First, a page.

JBCP Library Story
By Moira Dann
With the new branch of the Greater Victoria Public Library opening soon in the new Capital Park project on Menzies between Superior and Michigan, the community library housed in the James Bay Community Project will be winding down in the next while.
It has long been a welcome resource for readers in the James Bay neighborhood and beyond and a nexus of friendship and connectedness for its volunteers. As it is noted on signs on its front door near the circulation desk, it is “100% volunteer powered.”
The cozy little library that’s open Monday to Friday from 10 am to 4 pm is well stocked with hardcover and paperback books (in regular and large print) as well as audiobooks and DVDs. Many of the books are donated and many (about 500) are part of the GVPL collection on loan and replenished on a regular basis.
Library volunteer Almas Musani says often, newly donated books and magazines are the most up-to-date in the collection.
She has volunteered at the JBCP library for about five years. Like many volunteers, after she retired, Almas wanted to do something to help out in the community and she had some experience from when she worked at the library in Calgary in the catalogue department. Her favourite part is interaction with people and learning more about the long-time residents of James Bay, beyond knowing if they “like Agatha Christie or Danielle Steele” and what else they want to talk about when they come in to the library for a bit of “a break.”
People come to the JBCP library for “a small walk, [to] get a book and talk to somebody,” said Almas.
That’s what she’ll miss, the people she saw regularly on Wednesday, regulars who offer her reviews of the books they had taken from the library (authors Alice Munro and Margaret Atwood are among her personal favorites). Almas will miss volunteering at the little library, but she figures she’ll find some other volunteer outlet in James Bay, adding: “I hope the new library will be an asset for all of us.”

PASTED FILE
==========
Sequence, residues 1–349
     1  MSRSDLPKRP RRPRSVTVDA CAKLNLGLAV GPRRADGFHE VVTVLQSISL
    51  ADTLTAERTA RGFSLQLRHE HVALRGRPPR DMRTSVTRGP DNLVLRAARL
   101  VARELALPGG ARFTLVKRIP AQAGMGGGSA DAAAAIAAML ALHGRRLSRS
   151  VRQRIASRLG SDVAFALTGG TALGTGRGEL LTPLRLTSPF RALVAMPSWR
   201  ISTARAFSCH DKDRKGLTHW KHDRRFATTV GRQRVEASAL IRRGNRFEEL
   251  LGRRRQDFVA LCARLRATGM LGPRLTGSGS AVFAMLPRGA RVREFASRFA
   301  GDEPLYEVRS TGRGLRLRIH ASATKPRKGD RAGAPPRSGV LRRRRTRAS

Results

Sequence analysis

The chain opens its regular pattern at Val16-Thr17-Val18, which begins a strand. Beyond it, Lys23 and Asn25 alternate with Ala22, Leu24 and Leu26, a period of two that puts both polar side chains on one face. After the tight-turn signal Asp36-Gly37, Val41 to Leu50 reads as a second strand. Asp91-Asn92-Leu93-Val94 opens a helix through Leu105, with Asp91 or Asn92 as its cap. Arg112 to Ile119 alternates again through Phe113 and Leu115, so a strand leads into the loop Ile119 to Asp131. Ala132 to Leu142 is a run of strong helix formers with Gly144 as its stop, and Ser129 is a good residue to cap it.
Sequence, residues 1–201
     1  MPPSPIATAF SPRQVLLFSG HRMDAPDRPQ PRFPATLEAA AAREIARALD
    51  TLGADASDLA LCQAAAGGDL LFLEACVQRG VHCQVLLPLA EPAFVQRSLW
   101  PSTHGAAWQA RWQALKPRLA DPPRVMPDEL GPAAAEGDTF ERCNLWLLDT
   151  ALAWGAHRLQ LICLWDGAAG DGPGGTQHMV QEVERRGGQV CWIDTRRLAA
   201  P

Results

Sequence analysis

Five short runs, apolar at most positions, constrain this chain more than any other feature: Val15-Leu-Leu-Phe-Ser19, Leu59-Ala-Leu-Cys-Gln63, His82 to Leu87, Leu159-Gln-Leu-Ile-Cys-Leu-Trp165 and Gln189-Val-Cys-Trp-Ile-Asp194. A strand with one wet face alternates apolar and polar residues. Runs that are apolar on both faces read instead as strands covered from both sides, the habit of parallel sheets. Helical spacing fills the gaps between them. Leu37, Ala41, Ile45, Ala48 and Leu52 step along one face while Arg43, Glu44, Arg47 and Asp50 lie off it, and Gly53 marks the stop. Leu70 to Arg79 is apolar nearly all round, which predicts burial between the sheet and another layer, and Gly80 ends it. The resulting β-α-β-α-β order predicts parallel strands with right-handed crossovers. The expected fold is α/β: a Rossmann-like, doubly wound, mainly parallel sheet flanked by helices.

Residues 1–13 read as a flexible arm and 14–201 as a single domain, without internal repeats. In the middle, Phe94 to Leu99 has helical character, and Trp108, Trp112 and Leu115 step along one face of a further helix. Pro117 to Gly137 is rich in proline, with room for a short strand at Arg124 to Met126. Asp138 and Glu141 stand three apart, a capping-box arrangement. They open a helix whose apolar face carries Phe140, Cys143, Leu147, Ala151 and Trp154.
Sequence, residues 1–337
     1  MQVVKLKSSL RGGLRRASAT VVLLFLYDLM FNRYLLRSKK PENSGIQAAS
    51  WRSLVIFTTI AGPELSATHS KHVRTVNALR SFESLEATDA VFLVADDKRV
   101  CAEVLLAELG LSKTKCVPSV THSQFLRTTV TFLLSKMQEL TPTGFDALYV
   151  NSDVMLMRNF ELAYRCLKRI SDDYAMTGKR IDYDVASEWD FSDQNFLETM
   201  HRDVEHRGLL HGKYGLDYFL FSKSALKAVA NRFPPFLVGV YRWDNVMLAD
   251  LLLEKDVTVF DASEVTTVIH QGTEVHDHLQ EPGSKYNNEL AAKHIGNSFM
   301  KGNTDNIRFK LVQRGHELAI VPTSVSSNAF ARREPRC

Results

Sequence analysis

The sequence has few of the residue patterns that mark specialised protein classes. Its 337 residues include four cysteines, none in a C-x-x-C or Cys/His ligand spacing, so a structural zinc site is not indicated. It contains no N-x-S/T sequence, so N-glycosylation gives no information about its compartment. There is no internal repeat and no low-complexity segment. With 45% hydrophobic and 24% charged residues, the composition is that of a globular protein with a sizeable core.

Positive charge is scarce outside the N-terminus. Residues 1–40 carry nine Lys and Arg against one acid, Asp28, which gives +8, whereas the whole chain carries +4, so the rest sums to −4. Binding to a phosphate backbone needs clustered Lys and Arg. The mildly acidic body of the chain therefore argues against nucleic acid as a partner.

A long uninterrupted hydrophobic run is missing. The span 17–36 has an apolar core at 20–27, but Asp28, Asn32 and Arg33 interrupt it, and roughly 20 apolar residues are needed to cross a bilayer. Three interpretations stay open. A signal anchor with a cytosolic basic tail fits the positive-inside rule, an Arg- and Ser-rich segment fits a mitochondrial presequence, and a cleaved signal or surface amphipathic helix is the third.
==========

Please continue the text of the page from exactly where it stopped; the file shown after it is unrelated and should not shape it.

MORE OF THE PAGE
Almas is just one of about 45 volunteers who cover 30 or so hours weekly, often working in pairs on two-hour shifts.
Winnie also took up library volunteering when she retired because “I like to read, so the library seemed like a good idea.” She’s been doing it since 2004 and enjoys “talking to people and having a good choice of books to read.” Winnie’s made friends with other volunteers and library users, but while she’ll miss the conversations she enjoys during her weekly shift, she will continue volunteering with the JBCP Senior Connections on Thursdays.
Sharon Russell has a degree in library science from McGill and worked as a librarian at Macdonald College near Montreal, at BCIT, in Regina, and in the London public libraries in England. She volunteered when she saw an ad seeking JBCP volunteers in the Beacon, but she didn’t work in the library right away. “I love libraries. I love dealing with books. I love meeting people. I like answering questions, finding things for people. It’s just fun.” She’s a mystery reader, noting that the JBCP library has a good mystery selection. Her favourite author is Jane Austin; her favourite book is Pride and Prejudice. Among more contemporary work, Sharon greatly enjoyed All the Light We Cannot See by Anthony Doerr. Sharon has moved away from James Bay but makes the trek from her new home because of her connections to the people and the experience. She said she will miss the JBCP library when it’s gone; she’ll miss the interaction with people and working with her volunteer colleagues.
Chantelle Clark started to volunteer at the JBCP library 10 years ago when she saw a volunteer request that was just “a block down the street! There’s a library I can volunteer in!” She hadn’t known it existed, characterizing it as one of Victoria’s “hidden gems.” Chantelle likes to take care of the youth section, specifically a shelf she’s been putting together for youth at risk “because we run youth-at-risk programs here.” She also thought about what kids like and what’s popular and what will keep them learning; she points to a couple of volumes on dinosaurs. She also helped develop a kid-friendly DVD collection. Chantelle says that shelf is what she’ll miss the most when the library winds down, as well as the “person-to-person interaction.”
The James Bay Community Project would like to thank the many, many volunteers who kept the community library running so well over the years. It wouldn’t have happended without you. The JBCP would also like to thank our reader participants: You
had a need to read, and the James Bay community
created and supported a library.